A disclaimer is a notice which is placed on your website in an effort to limit your liability for the outcome of the use of your site. Even if you haven’t thought much about them previously, you have certainly seen disclaimers all over the web. Nearly every website has one in place, and you should as well. While a disclaimer certainly can’t rule out the possibility of legal action taking place at some point in the future, it can go a long way toward protecting your best interests.
So what kinds of website elements can be covered by a disclaimer? The content on your website is usually the first place to start. Even if you make every effort to confirm the accuracy of the information you have placed on your site, it is always possible that some of the information on your pages may be inaccurate. If a website user can prove that this incorrect information has harmed them in some way, you could potentially be found liable in court. However, if you had an appropriate disclaimer in place to cover the content of your site, you may be able to successfully argue that you are not liable.
Beyond content, other pieces of your site which could be covered by a disclaimer include potential copyright issues, the transmission of viruses, and more. Technically, just about anything you place on your site can be addressed through the use of a disclaimer. As you prepare to take your site live onto the web, it is wise to think through everything you are publishing and consider placing a disclaimer on anything that you feel may open you up to a lawsuit in the future.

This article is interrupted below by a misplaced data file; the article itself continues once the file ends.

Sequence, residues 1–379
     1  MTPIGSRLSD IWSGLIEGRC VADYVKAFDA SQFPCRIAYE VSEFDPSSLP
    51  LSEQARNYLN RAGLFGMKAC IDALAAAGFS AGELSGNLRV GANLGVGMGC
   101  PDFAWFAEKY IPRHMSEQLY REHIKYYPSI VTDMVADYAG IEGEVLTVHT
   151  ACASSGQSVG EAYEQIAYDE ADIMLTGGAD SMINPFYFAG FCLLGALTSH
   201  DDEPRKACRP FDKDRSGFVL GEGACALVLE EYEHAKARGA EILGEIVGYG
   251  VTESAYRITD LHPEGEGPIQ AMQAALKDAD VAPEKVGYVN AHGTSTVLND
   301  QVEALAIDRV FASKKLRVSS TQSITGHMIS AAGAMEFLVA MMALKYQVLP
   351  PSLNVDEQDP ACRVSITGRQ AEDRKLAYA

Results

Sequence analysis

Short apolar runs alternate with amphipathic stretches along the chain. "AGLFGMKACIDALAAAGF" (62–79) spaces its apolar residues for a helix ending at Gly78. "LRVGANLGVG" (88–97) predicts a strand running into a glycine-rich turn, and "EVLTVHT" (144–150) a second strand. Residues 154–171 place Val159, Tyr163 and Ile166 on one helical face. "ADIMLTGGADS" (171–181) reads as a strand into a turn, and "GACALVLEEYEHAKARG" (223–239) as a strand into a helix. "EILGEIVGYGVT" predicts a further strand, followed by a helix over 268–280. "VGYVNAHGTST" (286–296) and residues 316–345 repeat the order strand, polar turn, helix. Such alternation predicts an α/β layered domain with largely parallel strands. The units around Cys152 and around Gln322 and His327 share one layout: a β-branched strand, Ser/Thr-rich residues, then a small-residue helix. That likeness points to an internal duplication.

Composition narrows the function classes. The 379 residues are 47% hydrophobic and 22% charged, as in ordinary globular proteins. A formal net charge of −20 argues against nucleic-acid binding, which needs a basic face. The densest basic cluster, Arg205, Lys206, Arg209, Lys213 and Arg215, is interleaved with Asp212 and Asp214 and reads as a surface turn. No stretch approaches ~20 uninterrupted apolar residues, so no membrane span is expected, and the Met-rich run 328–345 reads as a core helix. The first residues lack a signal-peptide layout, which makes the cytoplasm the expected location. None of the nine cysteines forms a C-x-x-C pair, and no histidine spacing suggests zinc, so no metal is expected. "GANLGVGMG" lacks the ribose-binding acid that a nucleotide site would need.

It does need to be highlighted that the use of a disclaimer does not in any way eliminate the possibility of a lawsuit. Anyone can file a lawsuit at any time for any reason, whether you have a disclaimer in place or not. It will be up to the courts to determine the validity of a lawsuit which has been levied against you, which is where a quality disclaimer could come into the picture. If a court determines that your disclaimers do, in fact, cover the items in question in the lawsuit, you may be protected from liability.
In 1968, Council of Europe did studies on the threat of the Internet expansion as they were concerned with the effects of technology on human rights. This lead to the development of policies that were to be developed to protect personal data.
This agreement can also be known under these names:
The requirements for Privacy Policies may differ from one country to another depending on the legislation. However, most privacy laws identify the following critical points that a business must comply with when dealing with personal data:
Notice – Data collectors must clearly disclose what they are doing with the personal information from users before collecting it.
Choice – The companies collecting the data must respect the choices of users on what information they choose to provide.
Access – Users should be able to view, update or request the removal of personal data collected by the company.
Security – Companies are entirely responsible for the accuracy and security (keeping it properly away from unauthorized eyes and hands) of the collected personal information.